Concrete poetry was distributed via small press magazines and exhibitions because the established literary presses of most demoncratic countries rarely paid it any attention except occasionally to vilefy it. This explains the lack of entries under the heading ‘concrete poetry’ in most reference books and why there is practically nothing on the subject to be found in bookshops, although over 20 anthologies of concrete poetry have been published in different countries. In Britain these were a long-running, intermittent and acrimonious dialogue between the proponents of concrete poetry and the traditionalists of the Poetry Society, which from time to time erupted into the national press. Concrete poetry’s development as an international phenomenon was better aided by the innumerable exhibitions including ‘Poesie Concreta’ at the 1969 Venice Biennale, the ‘Exposicion de Poesia novissima’ which opened in Buenos Aires in 1969 and subsequently toured South America, and ‘Concrete Poetry’ at the Stedelijk Museum in Amsterdam in 1970, which toured Europe. Art magazines have shown more interest in concrete poetry than literary ones, and Scottish artist and concrete poet Ian Hamilton Finlay has continued to exhibit in establishment art galleries and has received accolades in mainstream colour supplements. But Finlay is the exception.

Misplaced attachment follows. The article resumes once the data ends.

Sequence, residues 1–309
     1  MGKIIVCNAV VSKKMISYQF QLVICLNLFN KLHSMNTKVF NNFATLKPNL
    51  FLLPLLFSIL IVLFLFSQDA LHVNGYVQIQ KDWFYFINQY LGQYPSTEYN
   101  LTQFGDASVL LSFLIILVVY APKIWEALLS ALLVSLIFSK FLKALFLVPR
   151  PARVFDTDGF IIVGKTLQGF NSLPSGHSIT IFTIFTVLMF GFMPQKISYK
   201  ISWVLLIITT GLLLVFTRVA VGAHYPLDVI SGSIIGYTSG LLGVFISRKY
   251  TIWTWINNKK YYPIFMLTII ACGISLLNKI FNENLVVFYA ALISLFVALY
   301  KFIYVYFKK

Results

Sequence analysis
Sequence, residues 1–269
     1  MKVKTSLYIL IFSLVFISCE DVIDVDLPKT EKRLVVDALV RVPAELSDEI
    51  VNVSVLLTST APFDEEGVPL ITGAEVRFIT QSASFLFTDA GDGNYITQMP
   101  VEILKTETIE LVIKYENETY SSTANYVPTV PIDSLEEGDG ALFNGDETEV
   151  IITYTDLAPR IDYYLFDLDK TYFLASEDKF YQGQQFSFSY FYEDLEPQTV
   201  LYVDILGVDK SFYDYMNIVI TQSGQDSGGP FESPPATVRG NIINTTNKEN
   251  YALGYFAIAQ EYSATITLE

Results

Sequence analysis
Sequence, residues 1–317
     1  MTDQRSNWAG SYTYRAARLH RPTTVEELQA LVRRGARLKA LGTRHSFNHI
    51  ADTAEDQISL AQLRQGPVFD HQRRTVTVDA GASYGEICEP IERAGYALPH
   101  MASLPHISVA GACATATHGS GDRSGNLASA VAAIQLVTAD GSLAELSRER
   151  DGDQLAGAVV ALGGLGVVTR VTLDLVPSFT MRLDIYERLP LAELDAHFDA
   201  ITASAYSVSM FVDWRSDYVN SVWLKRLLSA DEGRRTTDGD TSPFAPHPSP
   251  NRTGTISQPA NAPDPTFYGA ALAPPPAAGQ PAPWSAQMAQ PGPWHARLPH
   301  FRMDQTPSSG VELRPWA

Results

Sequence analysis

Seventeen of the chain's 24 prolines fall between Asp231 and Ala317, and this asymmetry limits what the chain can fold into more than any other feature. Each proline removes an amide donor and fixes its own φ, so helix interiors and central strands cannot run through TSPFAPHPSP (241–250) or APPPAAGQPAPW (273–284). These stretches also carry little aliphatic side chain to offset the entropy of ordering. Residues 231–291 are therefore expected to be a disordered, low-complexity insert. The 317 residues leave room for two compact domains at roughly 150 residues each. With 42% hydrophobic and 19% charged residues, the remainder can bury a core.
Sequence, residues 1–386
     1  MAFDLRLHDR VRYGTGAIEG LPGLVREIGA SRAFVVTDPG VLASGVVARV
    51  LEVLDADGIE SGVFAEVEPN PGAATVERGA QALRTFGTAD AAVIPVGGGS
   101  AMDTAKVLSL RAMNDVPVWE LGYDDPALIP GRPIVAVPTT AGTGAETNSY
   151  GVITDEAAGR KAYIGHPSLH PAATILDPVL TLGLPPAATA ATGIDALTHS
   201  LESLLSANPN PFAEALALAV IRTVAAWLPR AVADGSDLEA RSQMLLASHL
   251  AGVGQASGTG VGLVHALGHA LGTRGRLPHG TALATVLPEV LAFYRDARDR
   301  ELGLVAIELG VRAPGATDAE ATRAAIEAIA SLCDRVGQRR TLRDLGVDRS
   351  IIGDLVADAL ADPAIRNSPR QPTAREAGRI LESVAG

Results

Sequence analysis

Totalitarian regimes, left and right, tended to regard the writing of concrete poetry as an act of subversion for which artist-writers suffered opprobrium, house arrest or expulsion. Possibly this was part of a general proscription of avant-garde movements such as Surrealism, or perhaps concrete poetry was seen as an attack on the national language and culture or on language itself. Or was it simply that the censors failed to understand it and so decided to proscribe it just in case? It is likely that some of the same attitudes were held by the establishments in democratic countries, but with less dire consequences.
The effect of self-illustration in concrete poetry is achieved in a variety of ways, including the use of photographs or drawing and the arrangement of type. The categories I have outlined below, formulated originally in 1967 to analyse my large collection of word-images cut from advertisements, serve as means of understanding the basically parallel mechanisms at work in concrete poetry and as a conceptual programme for generating word-images. The terminology may sound rather flat, but in an attempt to be more clear and precise I have avoided apparently more learned but in fact more vague terms such as ‘image’.